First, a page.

Written by Michelle Yetman, PhD, Licensed Clinical Psychologist and Clinical Assistant Professor, LSU Health Shreveport School of Allied Health Professions – Children’s Center
After months of being locked in, parents’ nerves are beginning to fray. Not being able to go to the movies, go out to dinner with friends, and desperately trying to work productively from home while the kids constantly interrupt and the dog barks during your virtual video meeting has taken its toll! Your average parents have found themselves in the role of teacher, lunch lady, P.E. coach, art director, and principal in charge of discipline. Managing all of this, while trying to work full time, has caused many parents to have a short fuse and little patience. While summer is a welcome relief from schoolwork, the thought of going into another school year with children at home, even part-time, has left many parents feeling apprehensive.
While anxiety and uncertainty are part of the COVID-19 pandemic, there are numerous things families can do to manage their home situation and promote good mental health for their family.
Structure & Routine: While tensions from the fallout of the pandemic rise and the world seem increasingly chaotic, children’s needs for structure and routine remain unchanged. Whether they are going to school or learning virtually, children should have a structured day, with consistent sleep/wake times, mealtimes, playtime (both outside and inside), etc. Better yet, think like a preschool teacher and post the schedule. It helps to know what we should be doing and when. Use timers! If dinner is at 6 p.m., the timer should go off at 5:30 p.m. so we can all clean up and start helping to get dinner ready. This way, it is not Mom telling you to stop your video game but it is the timer reminding you it is time to get ready for dinner.
Sleep: Not enough can be said about this topic. We are a sleep-deprived nation and we have the short tempers to show for it. Lack of sleep affects our ability to cope and deal with stress, as well as prevent and fight off infections. Most of us significantly underestimate how much sleep is required for adults and children. To find out just how much sleep each member of your family needs based upon age, check out the National Sleep Foundation website, www.thensf.org. In addition, make sure your child has a bedtime routine (e.g., brushing teeth, reading a book together, saying prayers, tucking into bed) in order to help them transition into sleep.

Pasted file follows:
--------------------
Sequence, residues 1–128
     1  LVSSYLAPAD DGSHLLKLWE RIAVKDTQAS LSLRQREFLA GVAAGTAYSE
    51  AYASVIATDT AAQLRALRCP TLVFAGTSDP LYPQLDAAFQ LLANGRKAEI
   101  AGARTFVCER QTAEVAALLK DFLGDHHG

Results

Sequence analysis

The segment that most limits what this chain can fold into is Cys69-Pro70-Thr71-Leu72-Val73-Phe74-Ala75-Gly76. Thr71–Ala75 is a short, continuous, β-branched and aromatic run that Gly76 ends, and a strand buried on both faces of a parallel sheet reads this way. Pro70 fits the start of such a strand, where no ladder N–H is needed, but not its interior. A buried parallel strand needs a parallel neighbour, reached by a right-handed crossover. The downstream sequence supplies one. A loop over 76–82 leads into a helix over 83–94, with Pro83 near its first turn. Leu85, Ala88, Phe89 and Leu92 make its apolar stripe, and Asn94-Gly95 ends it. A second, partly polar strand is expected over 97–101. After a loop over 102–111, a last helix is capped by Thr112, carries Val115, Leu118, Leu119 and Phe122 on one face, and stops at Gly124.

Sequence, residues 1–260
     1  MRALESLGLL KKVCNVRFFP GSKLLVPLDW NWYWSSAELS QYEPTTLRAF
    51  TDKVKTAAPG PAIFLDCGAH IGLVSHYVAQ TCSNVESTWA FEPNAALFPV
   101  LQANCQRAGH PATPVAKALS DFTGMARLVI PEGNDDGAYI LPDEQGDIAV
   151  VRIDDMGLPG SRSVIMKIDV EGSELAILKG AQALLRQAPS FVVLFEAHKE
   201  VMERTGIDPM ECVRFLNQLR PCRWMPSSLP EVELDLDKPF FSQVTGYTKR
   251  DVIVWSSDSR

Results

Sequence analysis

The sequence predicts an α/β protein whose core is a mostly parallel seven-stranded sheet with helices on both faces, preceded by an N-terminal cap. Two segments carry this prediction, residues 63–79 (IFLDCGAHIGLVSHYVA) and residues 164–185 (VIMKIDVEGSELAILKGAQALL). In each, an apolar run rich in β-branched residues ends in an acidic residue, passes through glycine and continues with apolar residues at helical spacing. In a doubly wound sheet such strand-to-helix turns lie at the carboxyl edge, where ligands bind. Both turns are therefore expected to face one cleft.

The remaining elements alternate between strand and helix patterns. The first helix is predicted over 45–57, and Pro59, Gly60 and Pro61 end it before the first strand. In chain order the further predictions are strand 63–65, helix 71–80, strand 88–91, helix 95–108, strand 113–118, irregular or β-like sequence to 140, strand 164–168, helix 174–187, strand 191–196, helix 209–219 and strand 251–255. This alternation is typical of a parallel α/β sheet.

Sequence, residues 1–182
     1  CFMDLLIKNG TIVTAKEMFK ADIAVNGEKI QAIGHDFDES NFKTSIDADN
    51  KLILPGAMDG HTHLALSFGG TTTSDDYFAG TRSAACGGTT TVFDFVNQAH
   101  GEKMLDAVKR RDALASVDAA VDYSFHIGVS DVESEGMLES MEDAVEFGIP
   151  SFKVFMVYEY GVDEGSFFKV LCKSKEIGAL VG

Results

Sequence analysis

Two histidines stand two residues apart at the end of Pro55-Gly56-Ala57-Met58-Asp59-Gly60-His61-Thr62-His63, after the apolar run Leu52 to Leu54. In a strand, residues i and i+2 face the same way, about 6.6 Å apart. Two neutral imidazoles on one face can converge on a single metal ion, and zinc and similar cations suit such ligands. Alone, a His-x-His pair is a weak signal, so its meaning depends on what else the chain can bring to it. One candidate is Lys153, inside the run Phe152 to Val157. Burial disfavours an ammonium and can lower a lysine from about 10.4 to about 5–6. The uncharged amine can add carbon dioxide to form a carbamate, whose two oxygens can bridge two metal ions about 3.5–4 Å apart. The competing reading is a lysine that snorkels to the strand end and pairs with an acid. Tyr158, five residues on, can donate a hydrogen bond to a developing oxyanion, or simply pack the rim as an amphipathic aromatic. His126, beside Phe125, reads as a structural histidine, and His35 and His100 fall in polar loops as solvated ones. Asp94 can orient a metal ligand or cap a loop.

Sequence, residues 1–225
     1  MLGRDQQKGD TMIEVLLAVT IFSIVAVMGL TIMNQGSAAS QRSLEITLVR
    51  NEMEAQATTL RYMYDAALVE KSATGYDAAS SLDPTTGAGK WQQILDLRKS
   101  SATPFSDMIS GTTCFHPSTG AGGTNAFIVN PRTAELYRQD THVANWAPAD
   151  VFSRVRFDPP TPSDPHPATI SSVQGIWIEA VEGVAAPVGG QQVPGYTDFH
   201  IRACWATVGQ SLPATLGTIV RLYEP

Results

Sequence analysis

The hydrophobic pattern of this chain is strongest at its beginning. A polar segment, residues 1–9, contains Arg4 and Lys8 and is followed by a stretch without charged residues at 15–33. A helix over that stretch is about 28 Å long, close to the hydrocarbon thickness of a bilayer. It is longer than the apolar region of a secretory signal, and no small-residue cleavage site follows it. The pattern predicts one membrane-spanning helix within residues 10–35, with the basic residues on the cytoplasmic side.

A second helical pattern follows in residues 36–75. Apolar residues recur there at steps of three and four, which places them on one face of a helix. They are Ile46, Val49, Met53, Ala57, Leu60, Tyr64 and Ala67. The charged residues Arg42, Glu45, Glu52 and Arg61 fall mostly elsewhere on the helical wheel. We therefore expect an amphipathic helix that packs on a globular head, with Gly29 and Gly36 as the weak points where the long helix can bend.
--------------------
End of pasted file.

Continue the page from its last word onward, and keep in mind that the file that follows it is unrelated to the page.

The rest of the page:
Exercise: Keeping everyone active during the day will help with an easier bedtime at night. Play is a child’s form of exercise, so get creative. Take walks while playing “I Spy,” play tag and hide ‘n’ seek, have relay races, and go on bike rides.
Manage Expectations: Every parent is worried about their child’s education and many felt the online virtual experience was less than ideal when the sudden shift occurred in the spring. While events unfold this fall, just remember that there are so many things that can be learned outside of a classroom that parents can teach their children. Cooking is an important life skill that also incorporates math and chemistry. Money management skills, such as budgeting and saving, can be taught through an allowance program linked to chores or other work around the house. Parents may need to adjust their expectations for learning, but remember that life is a long journey with many opportunities to learn.
Play as a Family: While the pandemic will pass, the opportunity to be this close as a family may never return. Take advantage of it by having “theme nights.” For example, have a board game night on Wednesday, Taco Tuesday, movie night on Friday. By creating “theme nights,” you prevent the phenomenon of “groundhog day” where every day feels the same. Have a family meeting and let the kids decide what kind of theme nights they would like to have. These evenings can create real bonding opportunities and lasting family memories.
Communicate: Parents should be mindful of having the television news on when kids are in the room. Some children may not be developmentally mature enough to process what they are seeing and hearing in a healthy way. This could further exacerbate the anxiety that your child may already be feeling from the changes in their own lives. Therefore, it is important to talk with our kids and have regular “check ins.” Simply getting together regularly for meals as a family can accomplish this. This provides an opportunity to discuss how everyone is feeling and coping with stress.
Of course, if you feel that you or your child might benefit from talking to a mental health professional, there are a number of community resources available from the LSU Health Department of Psychiatry & Behavioral Medicine that can be found online at www.lsuhs.edu.